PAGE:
Objective: This study compared patient outcomes and staffing in Magnet® and non-Magnet hospitals.
Background: The pursuit of Magnet designation is a highly regarded program for improving staff and patient outcomes. Research has confirmed that Magnet hospitals provide positive work environments for nurses. Research related to patient outcomes in Magnet hospitals is scarce, and results vary.
Methods: The University Health Systems Consortium provided the clinical and operational databases for the study. Using bivariate and multivariate analyses, a comparison of patient outcomes and nurse staffing in general units and ICUs of Magnet and non-Magnet hospitals was studied.
Outcomes: Non-Magnet hospitals had better patient outcomes than Magnet hospitals. Magnet hospitals had slightly better outcomes for pressure ulcers, but infections, postoperative sepsis, and postoperative metabolic derangement outcomes were worse in Magnet hospitals. Magnet hospitals also had lower staffing numbers.
Conclusions: Magnet hospitals in this study had less total staff and a lower RN skill mix compared with non-Magnet hospitals, which contributed to the outcomes.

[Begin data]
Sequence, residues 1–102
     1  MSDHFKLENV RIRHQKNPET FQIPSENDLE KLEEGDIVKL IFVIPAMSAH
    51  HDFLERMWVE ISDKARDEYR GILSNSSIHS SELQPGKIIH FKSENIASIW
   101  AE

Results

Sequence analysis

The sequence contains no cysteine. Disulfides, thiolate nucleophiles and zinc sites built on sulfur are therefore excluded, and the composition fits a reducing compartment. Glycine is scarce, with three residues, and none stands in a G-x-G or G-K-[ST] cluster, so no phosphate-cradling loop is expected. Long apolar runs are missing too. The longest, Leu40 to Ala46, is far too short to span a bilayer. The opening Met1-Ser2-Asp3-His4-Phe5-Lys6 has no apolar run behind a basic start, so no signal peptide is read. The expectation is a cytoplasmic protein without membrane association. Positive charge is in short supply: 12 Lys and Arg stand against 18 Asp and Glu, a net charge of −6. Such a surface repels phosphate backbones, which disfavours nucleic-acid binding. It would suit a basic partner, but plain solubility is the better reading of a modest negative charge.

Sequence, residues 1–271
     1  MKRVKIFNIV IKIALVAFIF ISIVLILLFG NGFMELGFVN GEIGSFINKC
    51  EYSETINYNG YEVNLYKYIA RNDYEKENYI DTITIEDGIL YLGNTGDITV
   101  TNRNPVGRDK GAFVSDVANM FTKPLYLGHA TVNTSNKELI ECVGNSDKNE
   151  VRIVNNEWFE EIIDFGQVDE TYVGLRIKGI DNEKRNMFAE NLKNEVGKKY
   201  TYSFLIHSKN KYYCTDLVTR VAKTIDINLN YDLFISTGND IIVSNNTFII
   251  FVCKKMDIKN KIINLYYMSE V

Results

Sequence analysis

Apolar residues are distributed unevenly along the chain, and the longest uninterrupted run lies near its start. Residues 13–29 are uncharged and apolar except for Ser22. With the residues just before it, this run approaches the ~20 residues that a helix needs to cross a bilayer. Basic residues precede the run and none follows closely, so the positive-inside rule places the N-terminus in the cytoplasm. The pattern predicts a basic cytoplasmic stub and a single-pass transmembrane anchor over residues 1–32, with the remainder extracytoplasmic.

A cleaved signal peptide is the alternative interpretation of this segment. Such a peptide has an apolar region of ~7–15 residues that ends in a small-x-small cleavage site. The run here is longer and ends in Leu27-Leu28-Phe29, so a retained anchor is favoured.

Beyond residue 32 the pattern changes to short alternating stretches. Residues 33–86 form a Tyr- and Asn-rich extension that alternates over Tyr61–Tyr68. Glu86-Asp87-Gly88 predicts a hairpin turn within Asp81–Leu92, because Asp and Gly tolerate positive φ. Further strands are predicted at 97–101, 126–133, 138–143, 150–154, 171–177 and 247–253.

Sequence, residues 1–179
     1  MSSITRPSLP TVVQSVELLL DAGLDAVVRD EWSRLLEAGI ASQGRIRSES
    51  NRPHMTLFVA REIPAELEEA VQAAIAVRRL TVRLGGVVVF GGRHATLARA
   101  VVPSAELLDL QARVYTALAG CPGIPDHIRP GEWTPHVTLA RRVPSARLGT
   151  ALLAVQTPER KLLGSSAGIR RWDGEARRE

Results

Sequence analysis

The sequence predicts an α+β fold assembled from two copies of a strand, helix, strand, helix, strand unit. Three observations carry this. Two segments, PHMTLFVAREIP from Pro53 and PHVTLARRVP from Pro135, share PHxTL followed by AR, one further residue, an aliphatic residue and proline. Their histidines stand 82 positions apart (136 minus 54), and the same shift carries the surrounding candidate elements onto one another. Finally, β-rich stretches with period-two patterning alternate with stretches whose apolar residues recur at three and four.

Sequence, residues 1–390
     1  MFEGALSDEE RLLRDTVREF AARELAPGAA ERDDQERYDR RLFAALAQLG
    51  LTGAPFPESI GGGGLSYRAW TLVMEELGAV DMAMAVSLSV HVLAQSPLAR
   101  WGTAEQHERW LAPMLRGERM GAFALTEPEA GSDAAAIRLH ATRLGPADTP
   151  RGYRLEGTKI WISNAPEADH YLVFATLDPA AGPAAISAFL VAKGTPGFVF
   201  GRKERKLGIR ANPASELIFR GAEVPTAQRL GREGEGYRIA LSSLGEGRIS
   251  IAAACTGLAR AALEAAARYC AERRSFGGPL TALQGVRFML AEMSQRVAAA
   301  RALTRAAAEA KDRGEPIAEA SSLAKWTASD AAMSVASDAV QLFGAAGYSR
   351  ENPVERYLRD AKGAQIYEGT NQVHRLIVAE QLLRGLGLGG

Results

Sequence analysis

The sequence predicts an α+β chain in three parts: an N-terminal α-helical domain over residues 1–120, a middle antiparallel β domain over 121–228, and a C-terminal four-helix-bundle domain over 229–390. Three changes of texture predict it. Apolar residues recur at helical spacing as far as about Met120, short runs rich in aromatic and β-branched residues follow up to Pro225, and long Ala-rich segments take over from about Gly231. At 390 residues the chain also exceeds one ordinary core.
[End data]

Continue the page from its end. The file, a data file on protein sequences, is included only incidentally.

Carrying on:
Author Affiliations: Professor, College of Nursing, Division Informatics, Health Systems and Leadership, University of Colorado, Aurora (Dr Goode); Professor, School of Nursing, Department of Community Health Systems, University of California San Francisco (Drs Blegen and Spetz); Postdoctoral Fellow, School of Nursing, University of Kansas, Lawrence (Dr Park); Associate Professor, College of Public Health, Department of Health Management, University of Iowa, Iowa City (Dr Vaughn).
Funding: Robert Wood Johnson Foundation: Interdisciplinary Nursing Quality Research Initiative.
The authors declare no conflict of interest.
Correspondence: Dr Goode, College of Nursing, University of Colorado, 13120 East 19th Ave, C288-19, Aurora, CO 80045 (firstname.lastname@example.org).